What functions does money have?
Money has three broad inter-linked and interdependent functions:
- A store of value: money has no intrinsic value; its value is derived from the faith placed in it as a unit of account or a medium of exchange
- A unit of account: a consistent measure for comparing the value or cost of goods and services. This form is usually a major currency, which are also used to record debts and loans
- A medium of exchange: people holding money to swap it for something else at a later date. Modern money has no intrinsic utility. This medium of exchange also takes form in currency
What types of money exist?
- Notes and coins i.e. cash – are IOUs from central banks to consumers and commercial banks. They are a liability of the central bank and an asset of holders
- Bank deposits – IOUs from commercial banks to consumers. For security and convenience, consumers prefer storing larger amounts of money with banks. By depositing paper money deposits at a bank, holders swap IOUs from the central bank with IOUs from the bank
- Central bank reserves – IOUs to commercial banks that deposit money with the central bank. These record the amount owed to banks and can be used to transfer value between banks
Central bankers and economists categorise money into:
- Base money: also referred to as central bank money. This is made up of currency issued by central banks (banknotes and coins) and central bank reserves
- Broad money: the amount of money that consumers have available for transactions. It is made up of cash and bank deposits
How do banks create money by making loans?
When a customer takes out a personal loan, the bank records it on the assets side of its balance sheet and credits the customer’s deposit account on the liabilities side. The bank’s balance sheet has grown on both sides, and the supply of money into the economy has increased, by the size of the loan. The bank has created ‘broad’ money without any change in the amount of ‘base’ money in the economy. Paying off a bank loan, mortgage or credit card, conversely, destroys money.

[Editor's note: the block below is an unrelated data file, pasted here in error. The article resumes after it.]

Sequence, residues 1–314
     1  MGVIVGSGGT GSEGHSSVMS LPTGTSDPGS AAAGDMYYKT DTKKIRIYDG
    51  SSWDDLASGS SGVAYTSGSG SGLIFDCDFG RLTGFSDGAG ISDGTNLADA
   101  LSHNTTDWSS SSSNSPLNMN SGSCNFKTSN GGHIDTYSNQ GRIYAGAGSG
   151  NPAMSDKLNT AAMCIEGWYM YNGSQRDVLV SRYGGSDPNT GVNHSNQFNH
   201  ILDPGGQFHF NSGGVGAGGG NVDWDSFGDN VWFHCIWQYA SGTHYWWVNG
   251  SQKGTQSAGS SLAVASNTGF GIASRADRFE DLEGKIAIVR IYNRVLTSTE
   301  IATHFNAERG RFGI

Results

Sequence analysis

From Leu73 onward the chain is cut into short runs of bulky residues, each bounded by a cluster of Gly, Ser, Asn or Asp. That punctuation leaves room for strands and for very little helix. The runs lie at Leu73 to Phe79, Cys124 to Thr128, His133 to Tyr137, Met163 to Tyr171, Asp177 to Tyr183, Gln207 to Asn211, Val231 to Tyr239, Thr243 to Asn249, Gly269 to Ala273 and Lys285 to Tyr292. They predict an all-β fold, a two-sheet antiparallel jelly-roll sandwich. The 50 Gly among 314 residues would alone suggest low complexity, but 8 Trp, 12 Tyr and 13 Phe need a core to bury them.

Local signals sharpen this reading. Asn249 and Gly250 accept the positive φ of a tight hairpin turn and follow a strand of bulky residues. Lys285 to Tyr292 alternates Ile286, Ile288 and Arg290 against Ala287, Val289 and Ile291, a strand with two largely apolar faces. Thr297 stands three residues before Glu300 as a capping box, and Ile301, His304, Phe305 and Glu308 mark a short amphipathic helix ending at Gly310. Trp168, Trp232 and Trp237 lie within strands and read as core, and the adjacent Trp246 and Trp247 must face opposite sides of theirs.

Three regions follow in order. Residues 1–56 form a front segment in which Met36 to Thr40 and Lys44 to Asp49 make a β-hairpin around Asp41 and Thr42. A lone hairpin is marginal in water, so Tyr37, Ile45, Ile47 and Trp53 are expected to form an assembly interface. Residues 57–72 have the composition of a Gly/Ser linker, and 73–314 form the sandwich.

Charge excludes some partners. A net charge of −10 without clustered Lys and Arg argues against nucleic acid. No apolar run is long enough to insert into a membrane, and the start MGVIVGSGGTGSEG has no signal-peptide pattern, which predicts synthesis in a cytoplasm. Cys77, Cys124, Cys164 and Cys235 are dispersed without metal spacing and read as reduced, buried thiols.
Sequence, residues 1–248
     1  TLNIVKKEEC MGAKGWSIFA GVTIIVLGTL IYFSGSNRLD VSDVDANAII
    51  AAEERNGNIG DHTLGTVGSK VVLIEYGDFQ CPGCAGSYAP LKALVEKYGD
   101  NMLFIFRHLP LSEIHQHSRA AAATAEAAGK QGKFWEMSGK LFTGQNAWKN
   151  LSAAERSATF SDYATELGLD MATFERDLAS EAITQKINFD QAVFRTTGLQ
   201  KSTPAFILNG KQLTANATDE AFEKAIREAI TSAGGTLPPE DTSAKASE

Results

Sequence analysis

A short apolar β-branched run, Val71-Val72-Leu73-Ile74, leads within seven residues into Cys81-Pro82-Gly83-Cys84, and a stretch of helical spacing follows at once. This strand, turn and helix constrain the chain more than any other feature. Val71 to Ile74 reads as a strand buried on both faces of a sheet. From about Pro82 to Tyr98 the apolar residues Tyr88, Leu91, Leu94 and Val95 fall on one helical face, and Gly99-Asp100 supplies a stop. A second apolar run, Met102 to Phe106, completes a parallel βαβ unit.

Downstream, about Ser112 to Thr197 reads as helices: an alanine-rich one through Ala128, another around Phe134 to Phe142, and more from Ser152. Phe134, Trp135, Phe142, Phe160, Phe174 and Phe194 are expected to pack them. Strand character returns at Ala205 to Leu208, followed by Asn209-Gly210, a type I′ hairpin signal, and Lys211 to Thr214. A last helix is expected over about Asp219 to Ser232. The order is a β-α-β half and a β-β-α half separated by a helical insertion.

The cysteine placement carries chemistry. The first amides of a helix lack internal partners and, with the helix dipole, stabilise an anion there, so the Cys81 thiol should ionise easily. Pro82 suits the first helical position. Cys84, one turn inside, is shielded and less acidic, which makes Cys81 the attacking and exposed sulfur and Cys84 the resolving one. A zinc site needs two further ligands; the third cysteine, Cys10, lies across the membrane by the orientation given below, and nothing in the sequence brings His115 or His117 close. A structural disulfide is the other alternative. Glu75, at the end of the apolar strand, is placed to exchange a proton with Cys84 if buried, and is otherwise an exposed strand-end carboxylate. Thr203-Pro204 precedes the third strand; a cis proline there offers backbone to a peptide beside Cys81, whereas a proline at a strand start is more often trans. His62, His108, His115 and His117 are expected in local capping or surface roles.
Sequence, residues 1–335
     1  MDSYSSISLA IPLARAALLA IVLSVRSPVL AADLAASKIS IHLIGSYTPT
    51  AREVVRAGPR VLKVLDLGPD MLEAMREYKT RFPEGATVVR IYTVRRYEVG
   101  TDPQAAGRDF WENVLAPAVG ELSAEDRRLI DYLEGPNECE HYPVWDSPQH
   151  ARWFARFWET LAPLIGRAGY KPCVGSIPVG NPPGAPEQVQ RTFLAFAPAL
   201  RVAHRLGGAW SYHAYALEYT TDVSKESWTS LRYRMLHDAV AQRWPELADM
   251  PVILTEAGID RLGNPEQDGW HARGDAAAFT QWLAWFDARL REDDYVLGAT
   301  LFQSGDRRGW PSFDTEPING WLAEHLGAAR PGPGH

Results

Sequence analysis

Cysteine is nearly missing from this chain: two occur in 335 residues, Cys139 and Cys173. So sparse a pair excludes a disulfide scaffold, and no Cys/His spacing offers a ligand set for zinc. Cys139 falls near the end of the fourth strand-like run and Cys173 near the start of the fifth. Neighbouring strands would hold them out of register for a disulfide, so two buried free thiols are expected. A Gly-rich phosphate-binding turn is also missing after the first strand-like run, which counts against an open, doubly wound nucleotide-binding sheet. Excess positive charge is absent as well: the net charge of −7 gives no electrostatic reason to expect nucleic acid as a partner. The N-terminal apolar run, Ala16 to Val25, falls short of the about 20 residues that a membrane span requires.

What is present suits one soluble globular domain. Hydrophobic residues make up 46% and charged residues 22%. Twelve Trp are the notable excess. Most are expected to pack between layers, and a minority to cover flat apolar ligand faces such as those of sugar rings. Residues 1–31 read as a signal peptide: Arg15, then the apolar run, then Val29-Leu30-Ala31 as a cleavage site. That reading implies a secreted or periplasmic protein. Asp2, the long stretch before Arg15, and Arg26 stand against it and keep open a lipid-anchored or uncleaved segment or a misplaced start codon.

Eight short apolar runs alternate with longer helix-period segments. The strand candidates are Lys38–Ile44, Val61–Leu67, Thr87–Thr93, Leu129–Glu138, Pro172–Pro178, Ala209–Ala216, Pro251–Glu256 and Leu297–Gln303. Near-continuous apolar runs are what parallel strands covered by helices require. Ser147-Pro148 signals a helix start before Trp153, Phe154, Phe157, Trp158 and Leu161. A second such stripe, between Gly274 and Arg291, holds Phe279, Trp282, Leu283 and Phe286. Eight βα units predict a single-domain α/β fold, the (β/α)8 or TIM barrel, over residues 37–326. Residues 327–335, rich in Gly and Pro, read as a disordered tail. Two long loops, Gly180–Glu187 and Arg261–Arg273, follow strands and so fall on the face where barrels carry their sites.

What limits banks’ ability to create money?
- Monetary policy: a central bank’s interest-rate policy affects how much consumers can afford and/or wish to borrow. By raising rates, central banks reduce the propensity for banks and consumers to create new money
- Market forces: there is a finite pool of creditworthy consumers to lend to for any given level of interest rates. When this pool is depleted, the risk/reward payoff no longer stands and lending becomes unprofitable. If banks think policy rates will rise and affordability will decline, their propensity to create new money will fall
- Capital requirements: Commercial banks are required to hold capital to protect depositors from the impact of losses that might arise from bad loans. For every new loan, the bank must reserve more capital. Capital to support new lending might not always be available or available at a price the bank is willing to pay
- Behaviour of consumers: consumers can destroy money by repaying debt, or take out loans without increasing the supply of money in the economy if they use the new loans to consolidate and/or repay other loans